Cooperation Between Rivals: Informal Know-How Trading
discuss how the phenomenon may apply beyond the arena of interfirm trading of
R&D-related knowledge (section 6).
2.0: A General Description of Informal Know-How Trading
Know-how is the accumulated practical skill or expertise which allows one
to do something smoothly and efficiently. The know-how which I focus on here is
that held in the minds of a firm's engineers who develop its products and develop
and operate its processes. Often, a firm considers a significant portion of such
know-how proprietary and protects it as a trade secret.
A firm's staff of engineers is responsible for obtaining or developing the
know-how its firm needs. When required know-how is not available in-house, an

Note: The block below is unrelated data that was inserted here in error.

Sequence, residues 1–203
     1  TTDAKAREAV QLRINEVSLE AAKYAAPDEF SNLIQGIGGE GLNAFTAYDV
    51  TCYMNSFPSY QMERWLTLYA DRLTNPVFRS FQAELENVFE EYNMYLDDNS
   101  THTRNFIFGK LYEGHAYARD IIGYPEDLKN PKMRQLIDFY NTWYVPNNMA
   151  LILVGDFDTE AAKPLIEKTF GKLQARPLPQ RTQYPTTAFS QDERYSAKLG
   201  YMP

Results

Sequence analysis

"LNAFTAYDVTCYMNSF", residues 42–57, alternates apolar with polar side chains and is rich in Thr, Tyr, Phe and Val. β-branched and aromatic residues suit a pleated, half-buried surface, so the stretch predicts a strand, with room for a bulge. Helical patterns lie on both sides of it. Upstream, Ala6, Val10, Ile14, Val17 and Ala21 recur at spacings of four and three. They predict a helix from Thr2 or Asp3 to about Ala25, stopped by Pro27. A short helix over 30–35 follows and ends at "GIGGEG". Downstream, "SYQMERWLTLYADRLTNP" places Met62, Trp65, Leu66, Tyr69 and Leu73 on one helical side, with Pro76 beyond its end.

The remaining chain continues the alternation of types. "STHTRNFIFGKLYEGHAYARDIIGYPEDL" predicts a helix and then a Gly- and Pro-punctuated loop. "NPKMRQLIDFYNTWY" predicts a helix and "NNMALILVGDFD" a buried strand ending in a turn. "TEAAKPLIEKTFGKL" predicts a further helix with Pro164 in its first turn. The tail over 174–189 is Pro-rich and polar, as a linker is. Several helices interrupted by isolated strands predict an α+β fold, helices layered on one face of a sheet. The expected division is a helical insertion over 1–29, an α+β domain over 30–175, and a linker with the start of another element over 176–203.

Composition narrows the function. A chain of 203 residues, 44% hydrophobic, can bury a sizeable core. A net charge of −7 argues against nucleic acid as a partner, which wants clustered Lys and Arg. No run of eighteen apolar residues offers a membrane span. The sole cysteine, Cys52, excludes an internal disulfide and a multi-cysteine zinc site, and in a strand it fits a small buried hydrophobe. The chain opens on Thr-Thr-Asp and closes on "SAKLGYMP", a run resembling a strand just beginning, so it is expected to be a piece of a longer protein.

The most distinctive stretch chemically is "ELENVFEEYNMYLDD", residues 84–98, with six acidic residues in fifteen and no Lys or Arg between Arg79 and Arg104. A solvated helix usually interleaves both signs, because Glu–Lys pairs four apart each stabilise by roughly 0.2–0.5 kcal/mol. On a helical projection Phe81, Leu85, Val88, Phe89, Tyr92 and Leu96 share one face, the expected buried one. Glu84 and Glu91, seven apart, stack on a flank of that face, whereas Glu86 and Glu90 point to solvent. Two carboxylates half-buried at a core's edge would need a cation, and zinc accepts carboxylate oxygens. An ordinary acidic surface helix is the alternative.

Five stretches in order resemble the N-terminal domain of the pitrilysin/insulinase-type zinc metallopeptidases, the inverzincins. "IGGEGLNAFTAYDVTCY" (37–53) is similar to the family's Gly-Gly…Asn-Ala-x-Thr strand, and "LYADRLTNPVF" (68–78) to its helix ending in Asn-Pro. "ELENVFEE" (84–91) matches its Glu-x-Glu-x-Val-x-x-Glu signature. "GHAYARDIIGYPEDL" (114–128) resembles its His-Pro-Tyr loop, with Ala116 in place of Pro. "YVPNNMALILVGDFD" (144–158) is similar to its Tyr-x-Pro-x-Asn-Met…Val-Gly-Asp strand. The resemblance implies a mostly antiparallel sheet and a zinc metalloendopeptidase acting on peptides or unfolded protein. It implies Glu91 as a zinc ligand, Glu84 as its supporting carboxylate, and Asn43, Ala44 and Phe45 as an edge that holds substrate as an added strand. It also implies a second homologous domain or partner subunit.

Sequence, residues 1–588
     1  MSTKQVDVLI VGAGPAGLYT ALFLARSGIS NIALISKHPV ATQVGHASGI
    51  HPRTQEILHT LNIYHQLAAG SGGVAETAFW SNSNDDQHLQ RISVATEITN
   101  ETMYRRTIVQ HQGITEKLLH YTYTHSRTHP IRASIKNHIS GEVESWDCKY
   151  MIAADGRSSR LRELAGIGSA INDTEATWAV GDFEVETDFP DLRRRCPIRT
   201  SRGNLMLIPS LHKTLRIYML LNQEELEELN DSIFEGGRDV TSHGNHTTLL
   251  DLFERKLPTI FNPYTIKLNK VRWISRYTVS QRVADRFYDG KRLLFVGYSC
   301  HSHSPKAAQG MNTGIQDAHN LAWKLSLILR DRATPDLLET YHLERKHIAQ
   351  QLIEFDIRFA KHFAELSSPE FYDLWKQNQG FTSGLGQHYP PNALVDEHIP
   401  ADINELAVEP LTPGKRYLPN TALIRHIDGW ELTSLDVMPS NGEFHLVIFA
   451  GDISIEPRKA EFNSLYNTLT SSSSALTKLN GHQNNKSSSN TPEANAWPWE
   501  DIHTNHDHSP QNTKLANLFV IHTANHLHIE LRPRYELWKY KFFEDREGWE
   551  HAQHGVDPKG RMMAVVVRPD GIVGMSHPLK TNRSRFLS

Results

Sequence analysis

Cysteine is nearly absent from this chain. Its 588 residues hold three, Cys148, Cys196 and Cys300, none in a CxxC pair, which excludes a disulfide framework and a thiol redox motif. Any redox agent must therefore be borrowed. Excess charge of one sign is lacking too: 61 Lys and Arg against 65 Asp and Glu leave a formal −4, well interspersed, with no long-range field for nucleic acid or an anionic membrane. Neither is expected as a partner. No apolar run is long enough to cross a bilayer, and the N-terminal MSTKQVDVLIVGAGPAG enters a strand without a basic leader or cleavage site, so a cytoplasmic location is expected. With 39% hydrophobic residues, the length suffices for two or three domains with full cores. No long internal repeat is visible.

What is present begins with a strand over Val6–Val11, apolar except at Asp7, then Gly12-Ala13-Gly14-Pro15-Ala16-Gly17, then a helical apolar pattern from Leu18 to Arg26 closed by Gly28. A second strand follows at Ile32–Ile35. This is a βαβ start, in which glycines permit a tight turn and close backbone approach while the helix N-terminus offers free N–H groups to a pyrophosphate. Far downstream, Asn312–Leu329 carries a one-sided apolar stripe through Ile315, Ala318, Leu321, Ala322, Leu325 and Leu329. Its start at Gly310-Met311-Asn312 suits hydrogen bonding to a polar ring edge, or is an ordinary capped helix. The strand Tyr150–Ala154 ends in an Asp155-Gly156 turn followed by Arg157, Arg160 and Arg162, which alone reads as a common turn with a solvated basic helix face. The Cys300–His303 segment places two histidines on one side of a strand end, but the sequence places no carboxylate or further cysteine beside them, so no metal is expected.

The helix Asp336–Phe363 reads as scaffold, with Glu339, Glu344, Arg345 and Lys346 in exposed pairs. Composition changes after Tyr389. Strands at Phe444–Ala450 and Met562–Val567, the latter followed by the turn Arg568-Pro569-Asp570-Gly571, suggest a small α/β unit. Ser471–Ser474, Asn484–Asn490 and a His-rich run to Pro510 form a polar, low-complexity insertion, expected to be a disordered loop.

engineer typically cannot find what he needs in publications either: Much is very
specialized and not published anywhere. He must either develop it himself or
learn what he needs to know by talking to other specialists. Since in-house
development can be time-consuming and expensive, there can be a high incentive
to seek the needed information from professional colleagues. And often, logically
enough, engineers in firms which make similar products or use similar processes
are the people most likely to have that needed information. But are such
professional colleagues willing to reveal their proprietary know-how to employees
of rival firms? Interestingly, it appears that the answer is quite uniformly "yes" in
at least one industry, and quite probably in many.
The informal proprietary know-how trading behavior which I have observed
to date appears to involve informal trading "networks" which develop between
engineers having common professional interests. Network formation begins
when, at conferences and elsewhere, an engineer makes private judgements as to
the areas of expertise and abilities of those he meets, and builds his personal
informal list of possibly useful expert contacts. Later, when "Engineer A"